A dog’s nails grow continuously, much in the same way as a humans. It is vitally important that you keep your dog’s nails trimmed down, as safety and health concerns exist for dogs with overgrown nails. When it comes to nail clipping, you have three main options: Do it yourself, ask the vet to take care of it or bring the dog to a groomer. The option that works best will depend on your budget, time and comfort with performing grooming tasks.
Clipping at the Vet
Every dog needs regular trips to a vet for immunizations, comprehensive exams and other basic procedures. While you’re in the vet’s office, you can also ask to have your pup’s nails trimmed. The exact cost depends on the vet in question and whether you have health insurance for your pet. Most vets charge between $7 and $20 for the service. You may be able to pay more to have the nails ground down instead of clipped. Speak with your veterinarian for more information.
Clipping by a Groomer
Nail clipping is included with most grooming services, and the price of these services varies greatly by dog and shop. For instance, a bath for a large dog could run $20 to $40 and a full grooming more than $100 for specialty large dogs, while a professional grooming package for a small show dog could run up to $90 depending on the breed and the cut required. You can swing by the groomer’s for a quick nails-only service, which generally runs about the same as at the vet, between $7 and $20, depending on the shop and the specific method utilized.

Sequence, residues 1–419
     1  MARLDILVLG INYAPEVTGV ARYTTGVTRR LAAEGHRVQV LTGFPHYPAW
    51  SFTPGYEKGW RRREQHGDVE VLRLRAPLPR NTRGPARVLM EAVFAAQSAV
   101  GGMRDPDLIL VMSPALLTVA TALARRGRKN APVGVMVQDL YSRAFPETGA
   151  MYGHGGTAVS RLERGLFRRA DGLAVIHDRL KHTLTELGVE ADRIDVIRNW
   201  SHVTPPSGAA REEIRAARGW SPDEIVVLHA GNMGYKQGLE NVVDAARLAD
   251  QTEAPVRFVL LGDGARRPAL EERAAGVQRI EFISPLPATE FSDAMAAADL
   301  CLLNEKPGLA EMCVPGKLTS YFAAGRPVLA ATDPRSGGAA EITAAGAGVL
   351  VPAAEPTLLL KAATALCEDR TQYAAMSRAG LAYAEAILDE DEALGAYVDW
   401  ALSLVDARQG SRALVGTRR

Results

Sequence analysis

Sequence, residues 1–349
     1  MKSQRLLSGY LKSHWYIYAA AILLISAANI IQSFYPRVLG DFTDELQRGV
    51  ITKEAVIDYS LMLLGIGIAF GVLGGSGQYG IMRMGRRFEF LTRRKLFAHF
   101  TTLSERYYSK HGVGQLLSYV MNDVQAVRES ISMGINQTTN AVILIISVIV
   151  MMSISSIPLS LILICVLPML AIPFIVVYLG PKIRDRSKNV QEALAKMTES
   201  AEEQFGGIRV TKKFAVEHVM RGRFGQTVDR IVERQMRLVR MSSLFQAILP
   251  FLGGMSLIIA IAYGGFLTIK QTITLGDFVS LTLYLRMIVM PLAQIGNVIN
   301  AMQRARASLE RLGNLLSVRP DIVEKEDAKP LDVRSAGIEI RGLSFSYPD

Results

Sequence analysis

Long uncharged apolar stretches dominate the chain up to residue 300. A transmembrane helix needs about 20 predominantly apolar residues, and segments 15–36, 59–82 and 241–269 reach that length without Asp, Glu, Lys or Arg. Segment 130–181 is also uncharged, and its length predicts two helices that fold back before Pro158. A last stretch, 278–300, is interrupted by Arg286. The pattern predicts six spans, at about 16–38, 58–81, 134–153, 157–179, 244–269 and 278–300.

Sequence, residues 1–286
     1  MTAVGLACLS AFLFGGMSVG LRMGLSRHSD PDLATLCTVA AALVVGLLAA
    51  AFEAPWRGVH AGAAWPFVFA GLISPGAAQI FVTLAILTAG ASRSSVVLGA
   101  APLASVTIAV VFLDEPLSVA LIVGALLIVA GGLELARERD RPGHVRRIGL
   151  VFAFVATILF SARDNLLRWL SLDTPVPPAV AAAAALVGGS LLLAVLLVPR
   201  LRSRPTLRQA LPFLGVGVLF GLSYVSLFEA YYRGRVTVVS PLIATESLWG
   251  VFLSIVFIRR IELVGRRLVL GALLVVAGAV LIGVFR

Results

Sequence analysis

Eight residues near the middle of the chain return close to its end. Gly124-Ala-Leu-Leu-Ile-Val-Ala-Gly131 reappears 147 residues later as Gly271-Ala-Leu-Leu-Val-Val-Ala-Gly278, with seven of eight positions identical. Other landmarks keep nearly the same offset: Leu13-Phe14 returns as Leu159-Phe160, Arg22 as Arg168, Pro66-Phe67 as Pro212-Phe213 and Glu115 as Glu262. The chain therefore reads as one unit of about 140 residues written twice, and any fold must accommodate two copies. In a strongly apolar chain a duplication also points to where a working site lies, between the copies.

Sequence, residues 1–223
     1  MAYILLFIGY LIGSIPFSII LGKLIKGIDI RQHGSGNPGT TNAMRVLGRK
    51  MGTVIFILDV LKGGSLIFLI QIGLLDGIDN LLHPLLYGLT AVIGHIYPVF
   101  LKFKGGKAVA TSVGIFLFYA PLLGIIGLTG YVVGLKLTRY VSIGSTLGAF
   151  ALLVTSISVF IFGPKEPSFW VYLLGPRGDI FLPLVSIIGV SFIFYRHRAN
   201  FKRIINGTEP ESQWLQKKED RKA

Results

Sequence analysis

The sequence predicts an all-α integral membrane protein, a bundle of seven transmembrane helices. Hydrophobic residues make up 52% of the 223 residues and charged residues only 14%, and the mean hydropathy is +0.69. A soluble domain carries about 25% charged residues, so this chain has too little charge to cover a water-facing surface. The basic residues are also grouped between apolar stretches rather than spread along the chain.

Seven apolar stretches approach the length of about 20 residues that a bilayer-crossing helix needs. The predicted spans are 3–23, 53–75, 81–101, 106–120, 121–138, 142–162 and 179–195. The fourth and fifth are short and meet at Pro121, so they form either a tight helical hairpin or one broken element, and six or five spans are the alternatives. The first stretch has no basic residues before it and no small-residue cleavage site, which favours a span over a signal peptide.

Hazards of Home Clipping
It is not advisable to attempt clipping your dog's nails at home in lieu of seeking the help of a professional. Dogs have blood vessels in their nails known as quicks, and accidentally cutting these can be painful and traumatic for the dog. Nail clipping, as with haircuts and other advanced grooming, is best left to an expert. Bringing your pup to the vet or an experienced groomer for regular clippings should be a part of his normal hygiene routine.
Benefits of Clipping
Keeping your dog's nails trimmed is about more than just aesthetics. When nails are overgrown, dogs find it painful to walk and may be limited in mobility. Broken nails are subject to infections; in extreme cases overgrown nails can actually grow back into the pad of the paw. Fixing nails that have become extremely overgrown requires that the dog be put under anesthesia and is very costly. For these reasons, it is critical to ensure your dog's nails are always kept at a healthy length.